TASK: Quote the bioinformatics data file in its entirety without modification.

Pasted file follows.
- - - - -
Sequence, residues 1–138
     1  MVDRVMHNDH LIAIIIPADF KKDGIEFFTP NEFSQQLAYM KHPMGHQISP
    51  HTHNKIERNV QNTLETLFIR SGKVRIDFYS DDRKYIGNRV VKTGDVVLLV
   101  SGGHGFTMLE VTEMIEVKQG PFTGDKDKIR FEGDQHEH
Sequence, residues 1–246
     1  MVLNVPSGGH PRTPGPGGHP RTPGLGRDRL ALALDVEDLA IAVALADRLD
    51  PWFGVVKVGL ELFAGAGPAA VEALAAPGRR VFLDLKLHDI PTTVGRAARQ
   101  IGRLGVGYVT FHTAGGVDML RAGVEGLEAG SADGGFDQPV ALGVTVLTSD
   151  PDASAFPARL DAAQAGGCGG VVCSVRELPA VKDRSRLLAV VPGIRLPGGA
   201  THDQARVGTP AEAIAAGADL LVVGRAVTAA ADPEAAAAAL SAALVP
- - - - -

Sequence, residues 1–138
     1  MVDRVMHNDH LIAIIIPADF KKDGIEFFTP NEFSQQLAYM KHPMGHQISP
    51  HTHNKIERNV QNTLETLFIR SGKVRIDFYS DDRKYIGNRV VKTGDVVLLV
   101  SGGHGFTMLE VTEMIEVKQG PFTGDKDKIR FEGDQHEH
Sequence, residues 1–246
     1  MVLNVPSGGH PRTPGPGGHP RTPGLGRDRL ALALDVEDLA IAVALADRLD
    51  PWFGVVKVGL ELFAGAGPAA VEALAAPGRR VFLDLKLHDI PTTVGRAARQ
   101  IGRLGVGYVT FHTAGGVDML RAGVEGLEAG SADGGFDQPV ALGVTVLTSD
   151  PDASAFPARL DAAQAGGCGG VVCSVRELPA VKDRSRLLAV VPGIRLPGGA
   201  THDQARVGTP AEAIAAGADL LVVGRAVTAA ADPEAAAAAL SAALVP